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December 06, 2011

Cracking Down on Cockfighting in San Bernardino County

There are thousands of law enforcement officials working to enforce laws against animal cruelty, and we owe them a great debt. We cannot have animal protection without the rule of law. The HSUS works closely with law enforcement to assist with animal rescues, offer rewards, and provide trainings on illegal animal fighting. And among the best of the law enforcement professionals is San Bernardino County District Attorney Michael Ramos, who fights against cruelty in the nation’s largest county by land area.

A rooster from a cockfighting case
San Bernardino County Sheriff’s Department

It was three years ago that District Attorney Ramos brought cruelty charges against workers at the Hallmark/Westland Meat Company–the first time that such charges were ever brought against workers in a meat-packing plant.

This week, he announced a new campaign against cockfighting, which is widespread in California even though it’s been illegal for more than a century. California upgraded its laws against cockfighting this year, but the underlying penalty for the cockfighting and related crimes like possessing the animals and maintaining a pit is just a misdemeanor. Because every surrounding state treats cockfighting as a felony, it makes California a tempting target for people to ply their illegal enterprise.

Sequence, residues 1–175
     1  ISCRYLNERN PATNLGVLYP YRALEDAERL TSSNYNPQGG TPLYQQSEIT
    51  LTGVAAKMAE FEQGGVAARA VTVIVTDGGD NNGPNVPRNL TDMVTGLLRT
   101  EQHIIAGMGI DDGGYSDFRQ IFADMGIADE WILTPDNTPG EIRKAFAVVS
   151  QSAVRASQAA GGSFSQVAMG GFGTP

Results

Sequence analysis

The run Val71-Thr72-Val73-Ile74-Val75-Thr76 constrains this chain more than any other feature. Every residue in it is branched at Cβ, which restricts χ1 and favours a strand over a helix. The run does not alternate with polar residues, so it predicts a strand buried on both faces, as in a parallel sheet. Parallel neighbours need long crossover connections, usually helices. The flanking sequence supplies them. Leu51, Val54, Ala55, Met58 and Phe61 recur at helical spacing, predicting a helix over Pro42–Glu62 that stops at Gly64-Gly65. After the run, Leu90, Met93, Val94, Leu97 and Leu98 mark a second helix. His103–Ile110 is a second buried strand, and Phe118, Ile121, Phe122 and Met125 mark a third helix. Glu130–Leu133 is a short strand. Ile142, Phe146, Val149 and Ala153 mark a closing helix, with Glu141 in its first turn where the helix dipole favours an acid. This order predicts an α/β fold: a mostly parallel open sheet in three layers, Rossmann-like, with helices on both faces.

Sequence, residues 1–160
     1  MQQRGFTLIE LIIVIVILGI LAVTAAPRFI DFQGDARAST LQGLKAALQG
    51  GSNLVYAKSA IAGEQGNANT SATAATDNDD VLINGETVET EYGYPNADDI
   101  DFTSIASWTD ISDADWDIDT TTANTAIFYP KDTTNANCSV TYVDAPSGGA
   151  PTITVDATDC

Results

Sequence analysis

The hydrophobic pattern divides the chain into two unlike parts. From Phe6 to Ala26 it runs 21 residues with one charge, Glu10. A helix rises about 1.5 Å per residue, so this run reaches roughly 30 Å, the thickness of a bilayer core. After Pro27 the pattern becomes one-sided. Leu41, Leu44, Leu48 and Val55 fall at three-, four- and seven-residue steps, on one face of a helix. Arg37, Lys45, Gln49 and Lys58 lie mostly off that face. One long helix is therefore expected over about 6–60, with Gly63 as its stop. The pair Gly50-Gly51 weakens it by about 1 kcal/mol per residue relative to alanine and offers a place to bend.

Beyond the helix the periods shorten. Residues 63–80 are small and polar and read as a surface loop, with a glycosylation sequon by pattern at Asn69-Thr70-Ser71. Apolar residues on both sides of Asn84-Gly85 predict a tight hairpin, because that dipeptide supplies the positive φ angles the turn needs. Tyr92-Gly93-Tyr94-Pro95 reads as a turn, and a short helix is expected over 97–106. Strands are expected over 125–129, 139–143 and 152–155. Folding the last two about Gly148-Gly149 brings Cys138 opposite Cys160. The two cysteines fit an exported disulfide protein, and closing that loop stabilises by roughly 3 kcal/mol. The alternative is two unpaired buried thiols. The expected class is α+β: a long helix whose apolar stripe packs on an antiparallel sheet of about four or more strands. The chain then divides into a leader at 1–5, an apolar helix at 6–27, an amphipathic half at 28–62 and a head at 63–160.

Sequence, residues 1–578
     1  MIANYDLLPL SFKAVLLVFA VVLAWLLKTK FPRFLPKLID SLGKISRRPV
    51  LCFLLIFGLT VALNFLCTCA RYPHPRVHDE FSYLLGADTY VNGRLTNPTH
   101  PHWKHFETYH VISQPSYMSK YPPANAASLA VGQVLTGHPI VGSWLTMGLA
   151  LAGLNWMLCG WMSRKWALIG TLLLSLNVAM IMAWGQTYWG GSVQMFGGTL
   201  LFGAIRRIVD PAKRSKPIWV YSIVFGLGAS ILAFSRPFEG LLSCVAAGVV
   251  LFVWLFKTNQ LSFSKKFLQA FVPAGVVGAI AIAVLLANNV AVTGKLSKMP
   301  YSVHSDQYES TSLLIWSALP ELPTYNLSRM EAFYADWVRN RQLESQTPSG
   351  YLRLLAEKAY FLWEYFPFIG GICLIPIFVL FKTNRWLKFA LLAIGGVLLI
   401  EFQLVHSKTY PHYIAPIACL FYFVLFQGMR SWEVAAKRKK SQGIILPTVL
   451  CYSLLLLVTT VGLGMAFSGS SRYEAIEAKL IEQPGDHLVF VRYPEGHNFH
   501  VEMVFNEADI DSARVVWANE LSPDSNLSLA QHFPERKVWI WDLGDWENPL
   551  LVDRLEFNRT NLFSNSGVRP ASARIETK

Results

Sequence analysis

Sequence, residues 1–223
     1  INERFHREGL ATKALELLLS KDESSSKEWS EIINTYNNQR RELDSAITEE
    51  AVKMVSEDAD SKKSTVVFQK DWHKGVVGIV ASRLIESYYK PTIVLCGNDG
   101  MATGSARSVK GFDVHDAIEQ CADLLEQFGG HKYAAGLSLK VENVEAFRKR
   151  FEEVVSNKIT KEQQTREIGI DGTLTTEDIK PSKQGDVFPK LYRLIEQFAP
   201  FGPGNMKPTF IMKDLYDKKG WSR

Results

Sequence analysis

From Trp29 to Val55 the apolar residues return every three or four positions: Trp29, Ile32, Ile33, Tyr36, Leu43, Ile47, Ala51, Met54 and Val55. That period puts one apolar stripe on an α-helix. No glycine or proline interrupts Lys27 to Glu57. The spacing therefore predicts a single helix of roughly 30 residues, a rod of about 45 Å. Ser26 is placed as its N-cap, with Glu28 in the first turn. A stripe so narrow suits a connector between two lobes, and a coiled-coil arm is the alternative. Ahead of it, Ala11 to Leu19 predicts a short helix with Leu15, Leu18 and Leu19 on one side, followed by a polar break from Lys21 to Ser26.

But Ramos and other county district attorneys and sheriffs are no longer treating cockfighting as a petty crime. Since 2008, there have been more than 110 law enforcement incidents involving cockfighting across 35 of California’s 58 counties. More than 21,000 birds have been found (some alive, some already dead) in connection with the blood sport during that time, and The HSUS and our animal fighting unit have been at the center of so many of these raids.

Ramos’ YouTube video reminds all law enforcement officers in the county and outside of it about the importance of animal cruelty crimes, and also about their link to other criminal behavior. Along with his awareness campaign, Ramos has also announced he’s intent on making cockfighting a felony in the state. We’ll be right with him in that crusade.

P.S. Today, U.S. Sens. Richard Blumenthal, D-Conn.; Mark Kirk, R-Ill.; Maria Cantwell, D-Wash.; and Scott Brown, R-Mass., introduced legislation to make it a federal crime to bring a child to an animal fight or to be a spectator at an animal fight. The House companion bill–H.R. 2492, introduced in July by Reps. Tom Marino, R-Pa., and Betty Sutton, D-Ohio–already has 130 cosponsors.

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